8. St. Patrick's Day A Holiday to Celebrate the Irish

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Saint Patrick's Day, March 17, is a Christian religious holiday that celebrates the patron saint of Ireland. According to the legend, St. Patrick drove all the snakes out of Ireland. St. Patrick's Day has also become, especially in the United States, a day to celebrate Irish culture. In major cities across the country like in New York and Boston, there are parades and festivals. People wear green and decorate with shamrocks, a type of three-leaf clover. Some people wear buttons or tee shirts that say "Kiss me, I'm Irish". In the U.S. St. Patrick's Day is not a legal holiday, meaning government offices and schools are open.

The biggest and oldest parade takes place in New York City. It actually began about 250 years ago before the U.S. was even its own country. Every year thousands gather along the famous Fifth Avenue to watch hundreds of Irish step dancers and bagpipe players march. Irish step dancing is done in groups or solo. Dancers perform complicated moves with their feet and legs while keeping their upper bodies stiff. The parade has also been a source of controversy because the parade is associated with the Catholic Church in New York City; gay and lesbian organizations have not been allowed to march. Many people protest the parade or boycott it.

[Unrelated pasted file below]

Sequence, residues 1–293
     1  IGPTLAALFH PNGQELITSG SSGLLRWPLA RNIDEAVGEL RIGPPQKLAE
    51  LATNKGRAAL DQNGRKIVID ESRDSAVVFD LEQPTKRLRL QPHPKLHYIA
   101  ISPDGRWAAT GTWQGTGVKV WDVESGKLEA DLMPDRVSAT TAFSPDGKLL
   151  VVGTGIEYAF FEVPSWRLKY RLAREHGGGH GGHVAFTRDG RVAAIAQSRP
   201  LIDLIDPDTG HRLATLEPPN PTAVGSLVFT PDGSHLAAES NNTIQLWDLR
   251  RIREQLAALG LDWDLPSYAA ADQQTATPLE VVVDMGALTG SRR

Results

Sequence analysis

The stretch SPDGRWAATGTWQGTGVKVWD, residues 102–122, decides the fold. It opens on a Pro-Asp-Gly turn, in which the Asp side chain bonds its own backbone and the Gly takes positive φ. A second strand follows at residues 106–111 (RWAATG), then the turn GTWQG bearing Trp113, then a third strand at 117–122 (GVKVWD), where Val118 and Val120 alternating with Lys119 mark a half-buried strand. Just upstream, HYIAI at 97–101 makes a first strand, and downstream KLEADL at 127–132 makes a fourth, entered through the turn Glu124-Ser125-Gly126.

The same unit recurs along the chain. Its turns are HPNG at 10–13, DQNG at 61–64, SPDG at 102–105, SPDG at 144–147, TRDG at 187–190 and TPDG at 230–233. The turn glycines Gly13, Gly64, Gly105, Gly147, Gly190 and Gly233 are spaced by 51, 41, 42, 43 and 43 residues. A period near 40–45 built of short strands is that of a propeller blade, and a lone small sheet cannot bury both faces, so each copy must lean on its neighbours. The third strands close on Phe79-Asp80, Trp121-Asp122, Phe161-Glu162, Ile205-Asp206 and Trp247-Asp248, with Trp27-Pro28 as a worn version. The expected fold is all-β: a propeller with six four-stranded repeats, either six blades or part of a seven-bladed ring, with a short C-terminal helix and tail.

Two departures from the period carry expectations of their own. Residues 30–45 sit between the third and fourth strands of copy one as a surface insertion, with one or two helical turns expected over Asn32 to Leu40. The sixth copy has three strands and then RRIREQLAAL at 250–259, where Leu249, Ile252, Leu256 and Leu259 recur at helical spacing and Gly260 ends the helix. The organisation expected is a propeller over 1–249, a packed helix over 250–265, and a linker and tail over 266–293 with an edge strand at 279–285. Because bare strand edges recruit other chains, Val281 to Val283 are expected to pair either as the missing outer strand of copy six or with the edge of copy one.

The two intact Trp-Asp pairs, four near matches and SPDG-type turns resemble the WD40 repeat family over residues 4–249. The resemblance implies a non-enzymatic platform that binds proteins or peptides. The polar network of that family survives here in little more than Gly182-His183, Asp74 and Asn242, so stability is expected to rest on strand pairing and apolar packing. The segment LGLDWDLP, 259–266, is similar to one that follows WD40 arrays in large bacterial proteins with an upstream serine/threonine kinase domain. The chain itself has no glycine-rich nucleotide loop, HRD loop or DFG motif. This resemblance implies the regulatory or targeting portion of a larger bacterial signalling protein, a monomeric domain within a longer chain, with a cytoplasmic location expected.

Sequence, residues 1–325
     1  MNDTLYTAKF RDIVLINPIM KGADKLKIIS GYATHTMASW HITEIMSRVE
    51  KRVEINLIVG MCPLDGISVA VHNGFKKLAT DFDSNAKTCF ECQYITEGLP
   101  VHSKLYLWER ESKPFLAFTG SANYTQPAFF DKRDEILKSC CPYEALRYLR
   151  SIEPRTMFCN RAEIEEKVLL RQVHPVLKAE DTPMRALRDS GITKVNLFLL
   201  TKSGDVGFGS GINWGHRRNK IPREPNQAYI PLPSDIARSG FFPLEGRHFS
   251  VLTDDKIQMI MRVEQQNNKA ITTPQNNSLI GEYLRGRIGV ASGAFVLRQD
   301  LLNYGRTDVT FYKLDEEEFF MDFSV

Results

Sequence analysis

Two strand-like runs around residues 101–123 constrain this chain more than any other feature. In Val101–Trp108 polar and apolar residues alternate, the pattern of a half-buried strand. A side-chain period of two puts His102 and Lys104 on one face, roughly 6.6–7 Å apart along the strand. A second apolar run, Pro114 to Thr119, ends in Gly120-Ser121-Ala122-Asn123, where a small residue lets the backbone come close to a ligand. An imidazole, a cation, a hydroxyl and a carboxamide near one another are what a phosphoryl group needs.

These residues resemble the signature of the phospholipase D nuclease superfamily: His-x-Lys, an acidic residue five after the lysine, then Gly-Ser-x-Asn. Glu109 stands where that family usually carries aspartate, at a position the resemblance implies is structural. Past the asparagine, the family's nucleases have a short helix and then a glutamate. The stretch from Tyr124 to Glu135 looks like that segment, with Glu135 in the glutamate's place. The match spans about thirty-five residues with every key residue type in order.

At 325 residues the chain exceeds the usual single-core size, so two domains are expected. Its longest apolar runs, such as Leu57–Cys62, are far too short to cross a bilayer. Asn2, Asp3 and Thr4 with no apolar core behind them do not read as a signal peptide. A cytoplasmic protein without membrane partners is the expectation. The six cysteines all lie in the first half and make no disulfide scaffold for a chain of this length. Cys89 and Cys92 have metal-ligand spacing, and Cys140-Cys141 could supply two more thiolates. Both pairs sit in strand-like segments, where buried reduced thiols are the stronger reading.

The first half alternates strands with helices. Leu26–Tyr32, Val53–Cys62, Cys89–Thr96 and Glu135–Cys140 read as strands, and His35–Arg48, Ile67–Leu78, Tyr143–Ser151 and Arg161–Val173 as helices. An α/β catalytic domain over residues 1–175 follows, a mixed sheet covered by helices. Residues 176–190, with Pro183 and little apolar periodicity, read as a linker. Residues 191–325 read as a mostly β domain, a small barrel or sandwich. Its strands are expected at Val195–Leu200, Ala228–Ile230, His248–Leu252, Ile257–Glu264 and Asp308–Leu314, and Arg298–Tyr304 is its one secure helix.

St. Patrick's Day has also become associated with the drinking of a lot of alcohol, specifically beer. One drink that is often seen around the holiday is "Green Beer". This is really just regular beer with green food coloring. Many people feel like the holiday celebrates stereotypes about the Irish, like the myth that they all like to drink and get drunk. Others complain that the holiday has become too focused on drinking, with public drunkenness as a problem in major cities around the holiday.

          

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